The flaw in your plot as presented is that it doesn't feel very cohesive. Does the plot in Africa help the musician to figure out how to cope with his disillusionment? Is the story about how he ended up in Africa just backstory? - is it even necessary to start the story before he gets to Africa? Where did the tree seeds come from anyway? Stories tend to work better if the main character has some goal which is present through the majority of the story, rather than just presenting us with a series of independent events.
     
  4. Catrin Lewis
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    Catrin Lewis Contributing Member Contributor

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    I agree with @Goldstein and @plothog. I was excited about your plotline until you got to the magic wishing tree part. The parts should relate.

    If the story is be a fantasy, make the magic have something to do with the MC's music. Have there be some magic inherent in the soil or water of the remote village that interacts with his singing or playing so he can work magic with it. Voila! the fields are always fertile. The cows never lose their calves. The adults have food and the young children thrive. Aha, now his life has meaning again! Maybe the locals look on him as a kind of god! (If you go in that direction and your setting is Africa it might be prudent to have your musician be Black.) Does he fall in love with a local woman and what tensions does that create? Does anyone try to force him to use the magic music for evil? Does he work some magic that he thought would be good and it turns out to be very bad indeed? And what happens if or when the outside world finds out what's going on? Is there a boundary or limit to the magic, and does he cross it? What happens when and if the magic runs out?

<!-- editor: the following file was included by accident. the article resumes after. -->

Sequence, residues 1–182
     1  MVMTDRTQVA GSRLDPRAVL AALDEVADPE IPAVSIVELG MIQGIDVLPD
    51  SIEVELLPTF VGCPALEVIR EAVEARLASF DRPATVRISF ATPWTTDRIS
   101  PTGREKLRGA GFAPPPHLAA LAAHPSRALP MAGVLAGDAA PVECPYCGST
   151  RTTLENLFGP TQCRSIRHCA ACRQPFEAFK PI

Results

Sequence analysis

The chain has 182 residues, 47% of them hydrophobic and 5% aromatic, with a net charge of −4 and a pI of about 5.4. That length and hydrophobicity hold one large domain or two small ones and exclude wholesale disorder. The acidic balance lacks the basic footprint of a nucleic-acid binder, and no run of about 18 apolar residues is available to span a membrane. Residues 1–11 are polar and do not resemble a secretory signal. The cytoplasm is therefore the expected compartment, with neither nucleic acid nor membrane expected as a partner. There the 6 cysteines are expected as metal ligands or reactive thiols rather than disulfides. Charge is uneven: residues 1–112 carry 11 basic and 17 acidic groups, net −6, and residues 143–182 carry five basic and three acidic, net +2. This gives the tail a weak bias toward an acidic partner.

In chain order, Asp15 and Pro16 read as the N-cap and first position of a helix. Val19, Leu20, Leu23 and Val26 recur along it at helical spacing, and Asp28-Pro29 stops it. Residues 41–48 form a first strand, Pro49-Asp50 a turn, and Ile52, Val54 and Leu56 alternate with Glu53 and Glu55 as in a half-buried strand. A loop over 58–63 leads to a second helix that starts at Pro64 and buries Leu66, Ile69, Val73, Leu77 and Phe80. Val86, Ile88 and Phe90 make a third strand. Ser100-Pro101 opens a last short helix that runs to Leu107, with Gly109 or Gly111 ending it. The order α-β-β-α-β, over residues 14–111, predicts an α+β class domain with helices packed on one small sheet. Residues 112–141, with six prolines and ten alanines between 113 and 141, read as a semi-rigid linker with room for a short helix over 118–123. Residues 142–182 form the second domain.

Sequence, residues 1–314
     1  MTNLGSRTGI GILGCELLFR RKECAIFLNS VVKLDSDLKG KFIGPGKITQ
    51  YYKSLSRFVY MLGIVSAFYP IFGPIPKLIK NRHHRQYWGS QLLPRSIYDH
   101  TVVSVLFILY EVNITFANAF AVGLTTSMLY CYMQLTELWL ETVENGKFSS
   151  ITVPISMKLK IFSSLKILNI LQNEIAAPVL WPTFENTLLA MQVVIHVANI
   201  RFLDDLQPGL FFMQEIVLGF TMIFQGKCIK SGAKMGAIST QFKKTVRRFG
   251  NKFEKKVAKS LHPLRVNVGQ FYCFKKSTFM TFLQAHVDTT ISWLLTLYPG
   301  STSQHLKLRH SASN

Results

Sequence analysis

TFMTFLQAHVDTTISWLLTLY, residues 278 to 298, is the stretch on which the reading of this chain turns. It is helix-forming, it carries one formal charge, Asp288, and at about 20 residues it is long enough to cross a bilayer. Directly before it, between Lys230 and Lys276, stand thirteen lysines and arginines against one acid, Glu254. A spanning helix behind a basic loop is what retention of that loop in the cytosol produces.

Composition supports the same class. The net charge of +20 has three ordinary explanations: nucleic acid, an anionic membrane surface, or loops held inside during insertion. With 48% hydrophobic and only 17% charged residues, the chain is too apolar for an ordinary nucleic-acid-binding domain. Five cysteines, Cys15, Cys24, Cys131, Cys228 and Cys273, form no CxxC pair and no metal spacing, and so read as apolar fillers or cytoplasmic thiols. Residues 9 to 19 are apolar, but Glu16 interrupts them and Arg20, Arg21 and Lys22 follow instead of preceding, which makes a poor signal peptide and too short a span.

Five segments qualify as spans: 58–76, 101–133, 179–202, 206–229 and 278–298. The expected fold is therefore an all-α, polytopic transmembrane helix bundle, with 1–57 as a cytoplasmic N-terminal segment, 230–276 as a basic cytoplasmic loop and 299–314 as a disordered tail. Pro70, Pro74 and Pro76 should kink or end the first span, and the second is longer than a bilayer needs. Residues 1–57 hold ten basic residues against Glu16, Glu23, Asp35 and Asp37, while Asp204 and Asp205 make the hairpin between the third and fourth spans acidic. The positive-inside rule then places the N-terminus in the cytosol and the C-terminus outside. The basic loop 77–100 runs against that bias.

Alternatively, if you really like the magic tree idea, develop the part about the tree in the MC's parents' garden and never mind the disillusioned famous musician part. The garden could have been the last vestige of the MC's old-time family property, and now some pushy developer or the government has bought him out. Maybe he tried to do good with the magic fruit in years past in the West, but no one would listen to him (= disillusionment). So he'll take the magic to people who will be more receptive! So he does, and etc., etc.

    The main thing is, it all has to hang together. Surprising your readers is one (good) thing. Thwarting their reasonable expectations is quite another.
     
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  5. plothog
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    plothog Contributing Member Supporter Contributor

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    I guess if his success as a musician came from his own wish from his parents tree, then he could be disillusioned because he was getting no sense of achievement. Which could then tie in with taking the power of the tree to people who really needed it. Just a random suggestion on how the two parts of
    the novel could be tied together. There's probably heaps of other ways of doing it.
     
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  6. EdFromNY
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    EdFromNY Hope to improve with age Supporter Contributor

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    If the consensus here is that you shouldn't write it, would you not write it?